New Delhi, July 8: The UN Development Programme’s human development report singles out Bengal and Kerala, along with three other states, for their achievements, but says India’s “persistent poverty” needs attention.
The report, released today, says India and China have achieved rapid economic growth and significant reductions in poverty, but both are still dotted with “large pockets of persistent poverty that require the attention of domestic policies”.
The similarity between the South Asian neighbours, however, ends there as the human development indicators for India lag far behind those for China.
The report draws a chequered picture of India, showing a sustained growth rate on the one hand and a web of regional disparities in the crucial sectors of gender, education and health on the other. As many as 40 million children — over a third of the world’s total — do not attend primary school.
“Census data indicate missing women have increased in number...,” the report says. Missing women refers to those who have died because of discrimination in access to health and nutrition. This is in contrast to “Bangladesh, Pakistan and most Arab states” where “improvements have occurred”. “But these have been small in India,” it says.
Not just India, the picture for the whole of South Asia is grey. One of the poorest regions in the world, a third of its population is poor, a quarter goes hungry and a 10th of children die before 5 years.
The report goes on to praise Bengal, Kerala, Madhya Pradesh, Rajasthan and Karnataka for their “impressive achievements… where decentralisation has worked”.
But “India’s performance varies enormously across states with inequality increasing between several of them”.
The report lists the five states’ achievements as a faster response to local needs, greater accountability and transparency, less corruption and improved basic services.
The report refers to Bengal empowering its panchayats long before the Centre introduced the institution across the country. “In West Bengal, Operation Barga conducted through panchayats helped improve agricultural technology and reformed land tenancy. It helped register 1.4 million sharecroppers.”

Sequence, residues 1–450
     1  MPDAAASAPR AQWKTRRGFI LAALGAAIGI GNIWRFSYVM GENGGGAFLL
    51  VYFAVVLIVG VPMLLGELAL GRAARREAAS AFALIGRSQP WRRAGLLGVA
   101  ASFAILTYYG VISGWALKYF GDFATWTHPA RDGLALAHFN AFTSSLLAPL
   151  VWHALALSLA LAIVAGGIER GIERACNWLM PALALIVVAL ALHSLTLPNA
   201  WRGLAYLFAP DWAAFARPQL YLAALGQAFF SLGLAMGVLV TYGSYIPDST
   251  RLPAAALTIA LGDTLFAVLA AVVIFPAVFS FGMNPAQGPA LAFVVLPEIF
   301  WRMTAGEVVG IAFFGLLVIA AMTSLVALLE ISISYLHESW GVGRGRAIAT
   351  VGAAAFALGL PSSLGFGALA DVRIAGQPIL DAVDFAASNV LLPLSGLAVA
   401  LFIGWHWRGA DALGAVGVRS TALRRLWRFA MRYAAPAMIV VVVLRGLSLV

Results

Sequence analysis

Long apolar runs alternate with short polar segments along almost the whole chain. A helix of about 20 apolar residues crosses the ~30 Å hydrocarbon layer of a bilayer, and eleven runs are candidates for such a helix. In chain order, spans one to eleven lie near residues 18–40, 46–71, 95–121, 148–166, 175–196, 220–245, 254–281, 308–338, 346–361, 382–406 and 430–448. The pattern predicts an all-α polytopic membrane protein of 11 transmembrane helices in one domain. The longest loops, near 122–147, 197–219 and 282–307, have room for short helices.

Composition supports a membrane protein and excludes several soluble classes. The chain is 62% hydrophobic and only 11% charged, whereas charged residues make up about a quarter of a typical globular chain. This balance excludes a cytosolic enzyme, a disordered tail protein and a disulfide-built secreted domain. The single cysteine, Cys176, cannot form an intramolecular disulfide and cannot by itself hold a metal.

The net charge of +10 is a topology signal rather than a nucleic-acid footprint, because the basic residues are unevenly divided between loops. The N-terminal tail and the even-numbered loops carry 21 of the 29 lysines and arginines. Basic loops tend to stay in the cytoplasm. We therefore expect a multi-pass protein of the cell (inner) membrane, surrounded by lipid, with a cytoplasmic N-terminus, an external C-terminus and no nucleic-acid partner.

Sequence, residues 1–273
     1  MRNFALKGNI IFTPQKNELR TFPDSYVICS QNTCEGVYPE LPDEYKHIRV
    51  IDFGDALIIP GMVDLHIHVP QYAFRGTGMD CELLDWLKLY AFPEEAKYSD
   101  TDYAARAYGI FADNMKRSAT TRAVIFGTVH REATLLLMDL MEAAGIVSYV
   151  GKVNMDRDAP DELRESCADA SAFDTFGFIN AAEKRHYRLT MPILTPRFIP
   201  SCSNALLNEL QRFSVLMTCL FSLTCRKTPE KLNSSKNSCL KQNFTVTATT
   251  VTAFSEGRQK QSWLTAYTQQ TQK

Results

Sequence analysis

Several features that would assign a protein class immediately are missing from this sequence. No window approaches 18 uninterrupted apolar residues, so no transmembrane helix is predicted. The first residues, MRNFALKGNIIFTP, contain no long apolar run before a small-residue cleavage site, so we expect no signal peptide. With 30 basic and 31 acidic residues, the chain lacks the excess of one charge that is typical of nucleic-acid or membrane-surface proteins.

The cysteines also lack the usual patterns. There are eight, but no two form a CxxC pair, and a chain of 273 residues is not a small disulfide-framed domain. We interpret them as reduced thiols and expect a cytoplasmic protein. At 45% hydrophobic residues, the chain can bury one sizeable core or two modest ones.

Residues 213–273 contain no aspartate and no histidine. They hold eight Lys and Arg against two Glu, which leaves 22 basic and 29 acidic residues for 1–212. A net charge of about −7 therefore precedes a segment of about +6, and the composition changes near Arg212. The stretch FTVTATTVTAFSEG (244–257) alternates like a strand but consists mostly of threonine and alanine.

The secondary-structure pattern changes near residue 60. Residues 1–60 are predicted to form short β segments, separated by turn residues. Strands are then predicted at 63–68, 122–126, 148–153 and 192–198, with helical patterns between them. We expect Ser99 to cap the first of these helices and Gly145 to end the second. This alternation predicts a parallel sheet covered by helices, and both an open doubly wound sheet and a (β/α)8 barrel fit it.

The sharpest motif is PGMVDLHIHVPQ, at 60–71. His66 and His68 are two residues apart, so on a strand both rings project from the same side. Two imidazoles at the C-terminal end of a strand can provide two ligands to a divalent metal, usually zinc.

As for Kerala, it says Kerala People’s Campaign of 1996, aimed at devolving authority to local bodies, led to the construction of 98,494 houses, 2,40,307 latrines and 50,162 wells and installation of 17,489 public taps.
Kerala’s health indicators have been found to be similar to those of the US, despite a 99 per cent lower per capita income and a $28 health expense per person.
The report mentions people’s increasing reliance on the private sector for education and health because of the government’s ineffective services. For instance, Bihar and Uttar Pradesh that have the lowest primary school enrolments have the highest share of private schools. “This indicates the private sector is the escape route for a poorly performing public sector.”
The cost of providing primary education to a child is heavily loaded against the poor, the report emphasises.
The Kerala figures notwithstanding, the overall picture of the health sector is cause for “grave concern” as government spending on public health is abysmally low, the report says.
“Mortality rates remain high among the poorest, rural, scheduled caste populations, particularly among mothers and children.”
This is largely due to widespread under-nutrition and poor infrastructure.”